Faber & faber £9.99 (57pp) (free p&p) from the Independent Bookshop : 08430 600 030
West End Final, By Hugo Williams
Friday 23 October 2009
That wicked trickster Hugo Williams queers his reviewer's pitch in "West End Twilight". The poem insolently mocks every cliché about his quasi-autobiographical verse and its habitual use of his matinée-idol actor father, Hugh: "as the lives of father and son/ loom clear, perception of the past is altered..." etcetera.
Unbowed, this critic shoots back that Williams's tragi-comic family romance has never sounded deeper or subtler notes than it does in this play-list of a life through 38 poems, long and short, tart and tender.
From the childhood excitement of "Peach" to the last-ditch defences of "Washing my Hands" ("the dam seems to be holding"), poems rhyme with another, chat and spar.
Long sequences shine: the slow-mo erotica of "A Pillow Book"; the bittersweet Cole Porter-esque elegies of "Poems to my Mother". In his spotlight we see all time's dust and debris, but the showman still casts a spell.
Potter's attempt to create an Essex Taj Mahal was a lovely treattv
Arts & Ents blogs
- 1 Eurovision 2015: Graham Norton returns with another cutting commentary - his best lines
- 2 Purity balls: Girls in the US making virginity pledges as fathers vow to 'protect purity'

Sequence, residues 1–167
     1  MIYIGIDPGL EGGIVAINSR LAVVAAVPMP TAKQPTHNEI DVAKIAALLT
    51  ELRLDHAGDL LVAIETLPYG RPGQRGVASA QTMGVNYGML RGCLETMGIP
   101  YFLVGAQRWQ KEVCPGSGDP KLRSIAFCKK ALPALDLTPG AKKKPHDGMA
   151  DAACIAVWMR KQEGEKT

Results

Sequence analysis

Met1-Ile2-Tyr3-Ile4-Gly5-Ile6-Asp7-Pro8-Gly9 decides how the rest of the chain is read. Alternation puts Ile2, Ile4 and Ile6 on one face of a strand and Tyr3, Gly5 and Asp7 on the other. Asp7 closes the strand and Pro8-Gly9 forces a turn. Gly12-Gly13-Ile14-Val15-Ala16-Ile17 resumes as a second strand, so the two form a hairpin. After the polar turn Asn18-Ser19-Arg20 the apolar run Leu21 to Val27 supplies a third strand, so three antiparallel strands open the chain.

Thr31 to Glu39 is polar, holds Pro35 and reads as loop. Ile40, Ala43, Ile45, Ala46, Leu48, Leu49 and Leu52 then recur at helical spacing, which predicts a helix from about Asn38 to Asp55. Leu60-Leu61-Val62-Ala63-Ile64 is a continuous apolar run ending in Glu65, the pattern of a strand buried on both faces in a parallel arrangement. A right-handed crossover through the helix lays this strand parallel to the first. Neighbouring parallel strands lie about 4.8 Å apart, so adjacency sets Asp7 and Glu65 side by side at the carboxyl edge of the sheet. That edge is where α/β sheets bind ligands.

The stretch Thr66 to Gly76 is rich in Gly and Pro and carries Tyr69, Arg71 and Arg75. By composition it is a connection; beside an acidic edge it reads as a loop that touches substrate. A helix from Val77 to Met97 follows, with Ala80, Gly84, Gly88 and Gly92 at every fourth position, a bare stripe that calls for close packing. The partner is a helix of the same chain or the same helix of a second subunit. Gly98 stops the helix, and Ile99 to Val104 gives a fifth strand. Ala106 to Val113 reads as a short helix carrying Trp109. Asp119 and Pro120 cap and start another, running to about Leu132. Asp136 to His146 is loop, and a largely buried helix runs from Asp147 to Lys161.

- 3 Eurovision 2015 winner: Sweden beats Russia and Italy to take title from Conchita Wurst
- 4 Mother 'will allow son's circumcision in return for release from prison'
- 5 Puerto Rico, island of lost dreams: People are leaving the debt-hit territory in droves as near neighbour Cuba's star rises
As a white man, I'm surprised more women aren't tweeting the hashtag #KillAllWhiteMen
Scotland may have to leave the EU even if it votes to stay in, David Cameron confirms
Report finds that Britain's wages are the most unequal in Europe
The day that Britain resigned as a global power
Almost a third of school pupils believe 'Muslims are taking over our country', study claims
Gay marriage 'Bert and Ernie' cake bakery found guilty of discrimination in Northern Ireland